It’s surprising, really, how fully the man faded into the shadows of time.

His name is scarce in Omaha. It appears on no skyscrapers, streets or statues. To know him, to really know him, you must look for him — scour dusty bookshelves and reels of microfilm for hints.

But there is one place where the name, if not the man behind it, has been common knowledge for more than a century: Omaha’s Masonic Lodge No. 268, the George Washington Lininger Lodge.

Lodge members Chris Carter and Doug Lewis have spent almost a decade traveling the country and rifling through documents to answer the question: Who was George Lininger?

He was a Warren Buffett of his day, they found. Extremely wealthy. A world traveler. A Nebraska state senator. An art collector. He was instrumental in the civic development of early Omaha. He even had an indirect hand in the creation of Mount Rushmore.

In 2008, Carter and Lewis’ quest culminated when they tracked down more than 200 artifacts, including ancient weaponry, art and even a couple of mummies, from Lininger’s personal collection almost forgotten in storage at the University of Nebraska-Lincoln’s State Museum.

Through it all, Carter and Lewis’ goal has been to right a wrong, to make Omaha remember the patriarch it forgot.

“I’ve always felt as though I owed George Lininger something,” Carter said. “And the more you learn about him, the contributions, the bigger the injustice it seems. This isn’t right. More people should know.”


The men’s quest began in 2006 when Lewis joined the Lininger lodge, housed in the Scottish Rite Masonic Center at 202 S. 20th St.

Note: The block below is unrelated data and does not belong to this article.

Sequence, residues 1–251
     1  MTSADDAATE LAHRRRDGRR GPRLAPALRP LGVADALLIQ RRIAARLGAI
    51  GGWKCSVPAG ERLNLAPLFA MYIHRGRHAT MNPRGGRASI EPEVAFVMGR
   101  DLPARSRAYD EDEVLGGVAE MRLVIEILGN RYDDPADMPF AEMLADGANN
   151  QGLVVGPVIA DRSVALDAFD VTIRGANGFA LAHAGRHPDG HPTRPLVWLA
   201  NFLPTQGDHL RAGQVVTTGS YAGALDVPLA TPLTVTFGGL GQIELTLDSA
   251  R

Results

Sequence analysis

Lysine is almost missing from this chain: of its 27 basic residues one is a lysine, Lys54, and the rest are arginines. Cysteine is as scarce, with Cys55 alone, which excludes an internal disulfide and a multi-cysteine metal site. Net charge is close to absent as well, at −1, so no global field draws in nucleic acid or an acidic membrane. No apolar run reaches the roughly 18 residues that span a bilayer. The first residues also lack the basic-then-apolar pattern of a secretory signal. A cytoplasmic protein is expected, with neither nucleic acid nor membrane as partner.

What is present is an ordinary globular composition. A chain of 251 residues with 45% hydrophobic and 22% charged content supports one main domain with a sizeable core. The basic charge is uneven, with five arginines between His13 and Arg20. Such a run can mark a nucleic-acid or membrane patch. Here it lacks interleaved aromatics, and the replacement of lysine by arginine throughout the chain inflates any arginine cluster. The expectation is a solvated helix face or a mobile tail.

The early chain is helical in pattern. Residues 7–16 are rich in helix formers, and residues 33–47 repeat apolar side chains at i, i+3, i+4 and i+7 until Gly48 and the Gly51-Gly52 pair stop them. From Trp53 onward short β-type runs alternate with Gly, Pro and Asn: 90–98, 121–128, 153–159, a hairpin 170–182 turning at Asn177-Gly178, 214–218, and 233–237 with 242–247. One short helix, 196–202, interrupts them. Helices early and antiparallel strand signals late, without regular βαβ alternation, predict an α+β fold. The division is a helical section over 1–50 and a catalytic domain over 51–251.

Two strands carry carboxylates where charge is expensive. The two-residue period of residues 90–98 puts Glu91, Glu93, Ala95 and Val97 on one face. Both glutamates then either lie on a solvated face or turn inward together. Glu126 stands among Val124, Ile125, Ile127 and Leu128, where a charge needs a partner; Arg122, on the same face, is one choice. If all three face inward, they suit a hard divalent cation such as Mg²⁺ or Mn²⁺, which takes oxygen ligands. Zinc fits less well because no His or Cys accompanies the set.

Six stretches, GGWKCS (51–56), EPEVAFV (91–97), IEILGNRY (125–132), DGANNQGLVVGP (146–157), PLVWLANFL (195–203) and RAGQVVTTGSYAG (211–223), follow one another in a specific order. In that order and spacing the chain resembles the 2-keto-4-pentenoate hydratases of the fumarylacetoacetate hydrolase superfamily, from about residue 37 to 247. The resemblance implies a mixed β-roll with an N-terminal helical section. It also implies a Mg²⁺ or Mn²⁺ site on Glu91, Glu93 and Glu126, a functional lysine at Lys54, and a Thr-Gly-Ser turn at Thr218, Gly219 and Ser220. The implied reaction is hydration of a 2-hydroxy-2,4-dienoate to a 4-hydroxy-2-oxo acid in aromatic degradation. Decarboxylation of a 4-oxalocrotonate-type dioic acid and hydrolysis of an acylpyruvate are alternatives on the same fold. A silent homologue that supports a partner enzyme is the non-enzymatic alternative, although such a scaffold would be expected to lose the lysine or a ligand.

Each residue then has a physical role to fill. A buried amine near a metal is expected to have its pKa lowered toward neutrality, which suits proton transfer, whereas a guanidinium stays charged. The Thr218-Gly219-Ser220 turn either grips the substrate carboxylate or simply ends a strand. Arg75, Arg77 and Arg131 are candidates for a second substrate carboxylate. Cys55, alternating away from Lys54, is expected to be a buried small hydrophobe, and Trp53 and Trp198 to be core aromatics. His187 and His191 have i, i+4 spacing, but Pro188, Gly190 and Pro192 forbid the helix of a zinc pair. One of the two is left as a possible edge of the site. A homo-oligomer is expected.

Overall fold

Lewis, a government research analyst, wanted to know more about the namesake of his new brotherhood. So he asked around.

The responses were vague: Lininger was rich. Really rich. He was into art. And he traveled a lot.

For Lewis, a man who became a Mason to learn more about a grandfather he never knew, the faint scraps of information weren’t enough. So he and his friend Carter, a manager of billing resolution services at the First National Bank of Omaha, started to dig.

First, they tried Google and Before long Lewis was spending days off working at the W. Dale Clark Library, poring through newspaper clippings. They hunted down wills, deeds, death certificates and tax records. They traveled to the Iowa Masonic Library and Museum in Cedar Rapids and to Lininger’s hometown, Peru, Illinois.

And what they found only pushed them to keep going.

Lininger was born in 1834, the son of a farmer and tailor. The family settled in Peru, where the young Lininger established a business selling tinware. There, he began to amass his fortune.

In 1868 Lininger moved to Council Bluffs and started selling farm implements. Five years later he moved the business to Omaha, branding it the G.W. Lininger Co.

In a World-Herald article published at his death in 1907, Lininger told how he came to live in Omaha. He was already wealthy, he said, and he and his small family traveled the world looking for a place to settle.

“We visited many cities of wealth and refinement and went into foreign lands seeking a home. And after months of this, we turned our eyes toward Omaha, feeling that no city we had yet found could ever seem so much like home to us as Omaha did,” Lininger said.

It was a smart move. Lininger established himself as a community leader in a city that, at the time, was considered a dirty, underdeveloped backwater. He served on the City Council and was the president of the first Omaha park commission, helping design areas such as Hanscom Park and planning the early stages of the boulevard system that eventually would link the city’s parks.

In 1887 the people of Douglas County elected Lininger to represent them in the Nebraska Legislature. He didn’t even run.

“On their own, (the people) wrote George Lininger in because of the respect that they had for him,” Carter said.

At home, Lininger urged the city to establish its own waterworks. Abroad, he met twice with the pope and once with a prince of England.

A dedicated Freemason, Lininger established the Masonic Home in Plattsmouth, where elderly Masons and their families still receive care today.